Last week, we covered Blu‘s protest in Bologna, where he and a team of helpers buffed out all of his murals in the city (and some now face legal issues as a result). They were protesting an exhibition, Street Art – Banksy & Co., which includes murals by Blu that were removed off the streets of Bologna and are being exhibited against his wishes. I called on people to boycott the exhibition. However, the response from the street art community has been more mixed, with many supporting Blu, and others suggesting that Blu has acted like a petulant child. The exhibition opens today, so we’ll soon see how the public responds, and (as the show’s lead curator Christian Omodeo insists we hold our breath for) what the controversial mural remnants look like in the museum.
In the meantime, John Fekner, whose work is included in Banksy & Co. (as is the work of his long-time collaborator Don Leicht), reached out and shared his reactions with Vandalog. Fekner is a key historical figure in street art, a pioneer as a stencil artist with an unimpeachable record as a political artist and an artist’s artist.
- Whether you stole a pencil from your schoolmate, or a lover from your best friend, or a stapler from work, the cold-hearted facts remain: everyone steals. We exist in a confusing and twisted reality of unscrupulous financial gain and artistic theft.
- If you create rock, punk, rap or any other type of music, there’s no way of stopping some Muzak elevator-friendly dispirited interpretation of your original rebellious music.
- If you originally aspired to be an underground artist; then just stay underground. Similarly, if you’re a musician, don’t get pissed off if a fan asks you to sign a copy of your cutout vinyl album that they bought for a buck or less.
- In the 80s, low brow thieves literally ripped Keith Haring’s chalk drawings from subway advertising spaces and entrepreneurial high brow scoundrels ripped off New York City urban kids’ graffiti sketches for pennies.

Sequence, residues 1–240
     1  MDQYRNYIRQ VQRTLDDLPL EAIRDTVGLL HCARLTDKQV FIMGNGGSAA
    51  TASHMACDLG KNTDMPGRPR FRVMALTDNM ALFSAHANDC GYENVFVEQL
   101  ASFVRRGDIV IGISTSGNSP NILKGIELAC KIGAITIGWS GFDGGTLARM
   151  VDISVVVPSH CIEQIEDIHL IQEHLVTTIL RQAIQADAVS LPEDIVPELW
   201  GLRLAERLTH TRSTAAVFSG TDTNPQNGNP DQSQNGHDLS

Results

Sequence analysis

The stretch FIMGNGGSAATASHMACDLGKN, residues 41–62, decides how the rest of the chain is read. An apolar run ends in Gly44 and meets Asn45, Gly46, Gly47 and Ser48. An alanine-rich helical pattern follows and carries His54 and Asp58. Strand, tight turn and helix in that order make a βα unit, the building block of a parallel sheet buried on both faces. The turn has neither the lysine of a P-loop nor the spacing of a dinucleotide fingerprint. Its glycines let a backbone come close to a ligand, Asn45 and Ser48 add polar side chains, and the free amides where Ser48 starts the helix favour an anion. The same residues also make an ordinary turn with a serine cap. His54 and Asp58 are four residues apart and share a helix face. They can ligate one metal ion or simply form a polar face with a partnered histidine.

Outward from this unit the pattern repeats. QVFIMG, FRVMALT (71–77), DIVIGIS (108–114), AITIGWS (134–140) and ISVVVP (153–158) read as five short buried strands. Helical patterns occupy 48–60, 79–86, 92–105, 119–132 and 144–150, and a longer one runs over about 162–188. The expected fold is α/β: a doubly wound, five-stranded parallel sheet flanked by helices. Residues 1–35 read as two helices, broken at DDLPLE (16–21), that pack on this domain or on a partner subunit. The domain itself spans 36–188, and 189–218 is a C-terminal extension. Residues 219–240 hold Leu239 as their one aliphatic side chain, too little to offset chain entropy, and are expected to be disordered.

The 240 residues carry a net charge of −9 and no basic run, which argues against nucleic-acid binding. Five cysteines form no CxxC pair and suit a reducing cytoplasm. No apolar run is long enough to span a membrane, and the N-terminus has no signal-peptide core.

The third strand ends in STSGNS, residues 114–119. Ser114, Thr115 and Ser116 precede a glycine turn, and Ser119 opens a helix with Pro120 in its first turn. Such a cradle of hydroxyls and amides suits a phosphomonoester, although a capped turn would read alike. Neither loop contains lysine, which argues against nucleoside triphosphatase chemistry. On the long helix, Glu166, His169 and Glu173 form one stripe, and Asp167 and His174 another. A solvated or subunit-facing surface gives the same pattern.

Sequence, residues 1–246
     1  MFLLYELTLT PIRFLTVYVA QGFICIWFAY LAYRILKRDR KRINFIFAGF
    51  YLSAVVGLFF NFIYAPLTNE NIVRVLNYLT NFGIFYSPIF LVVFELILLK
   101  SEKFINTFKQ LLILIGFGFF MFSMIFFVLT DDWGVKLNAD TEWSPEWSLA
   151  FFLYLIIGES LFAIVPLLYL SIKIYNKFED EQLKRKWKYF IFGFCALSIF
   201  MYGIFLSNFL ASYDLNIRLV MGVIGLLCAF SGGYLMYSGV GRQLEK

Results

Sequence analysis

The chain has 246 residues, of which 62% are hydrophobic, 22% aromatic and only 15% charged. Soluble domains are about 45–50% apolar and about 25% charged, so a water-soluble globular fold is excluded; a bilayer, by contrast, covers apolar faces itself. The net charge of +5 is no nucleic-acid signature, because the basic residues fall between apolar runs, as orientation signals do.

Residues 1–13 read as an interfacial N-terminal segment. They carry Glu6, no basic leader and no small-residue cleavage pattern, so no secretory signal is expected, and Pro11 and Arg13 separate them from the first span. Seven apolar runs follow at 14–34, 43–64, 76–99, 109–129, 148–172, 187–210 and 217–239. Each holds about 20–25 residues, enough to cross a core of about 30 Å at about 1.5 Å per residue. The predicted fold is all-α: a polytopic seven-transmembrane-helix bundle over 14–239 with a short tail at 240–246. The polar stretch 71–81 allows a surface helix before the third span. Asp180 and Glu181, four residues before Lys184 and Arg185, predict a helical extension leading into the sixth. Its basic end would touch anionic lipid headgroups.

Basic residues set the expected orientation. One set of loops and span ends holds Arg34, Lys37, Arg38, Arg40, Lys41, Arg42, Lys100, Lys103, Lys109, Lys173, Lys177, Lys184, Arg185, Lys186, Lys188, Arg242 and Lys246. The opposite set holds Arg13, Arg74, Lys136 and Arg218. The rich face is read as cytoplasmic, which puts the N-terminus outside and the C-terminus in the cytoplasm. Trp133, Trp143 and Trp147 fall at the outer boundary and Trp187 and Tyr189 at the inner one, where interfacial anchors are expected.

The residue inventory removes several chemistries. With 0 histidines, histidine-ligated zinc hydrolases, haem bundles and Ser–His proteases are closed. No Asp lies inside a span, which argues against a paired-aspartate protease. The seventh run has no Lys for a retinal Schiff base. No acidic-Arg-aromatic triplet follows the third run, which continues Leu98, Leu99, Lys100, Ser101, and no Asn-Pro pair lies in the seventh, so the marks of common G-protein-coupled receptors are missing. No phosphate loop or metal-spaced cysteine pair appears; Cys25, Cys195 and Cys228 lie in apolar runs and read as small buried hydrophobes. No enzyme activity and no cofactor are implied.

- The bottom line is: what’s done in public-doesn’t remain in public. There’s no protection for artists who trespass. It’s the chance one take outdoors.
- If you create illegal art murals, street rules are always in effect:
1) You can’t stop a drunk in the middle of the night from pissing on your wall.
2) You can’t stop a bulldozer from razing your work.
3) You can’t stop a neighborhood anti-graffiti squad from painting over your work.
4) You can’t stop a well-dressed thief in a suit, or their hired slug with a chisel, from removing your wall work and hauling it off to their lair, garage, museum or art market.
- Under any circumstances, don’t immediately and irrationally react. If your original aspirations were to be an artist- then just do what you were meant to do: be an artist. Don’t double shift and be a night watchman patrolling the streets to try and thwart thieves of your work. Unique temporary outdoor creations engendered a public conversation that includes everyone: art lovers and art haters, lowbrow and highbrow, and everyone who interacts with your public work.
- If you analyze and then destroy your creations; that’s an overreaction. Courageous? Yes. But it goes beyond your original spirit, freedom and joy of creating your work. It might potentially backfire and flame unquenchable desires for something else: more acceptance, more branding, more visibility, more publicity, more interviews, more legendary status, etc. It’s tricky.
- The rip-off and resale of an artist’s artwork continues long after the artist is gone. If the artist doesn’t erase it in his/her lifetime, there’s a good chance that the corrupt art world of bankers, developers, board of directors, scholars, academicians, curators or art history itself, will erase you.
Photos courtesy of Blu and John Fekner/Artangel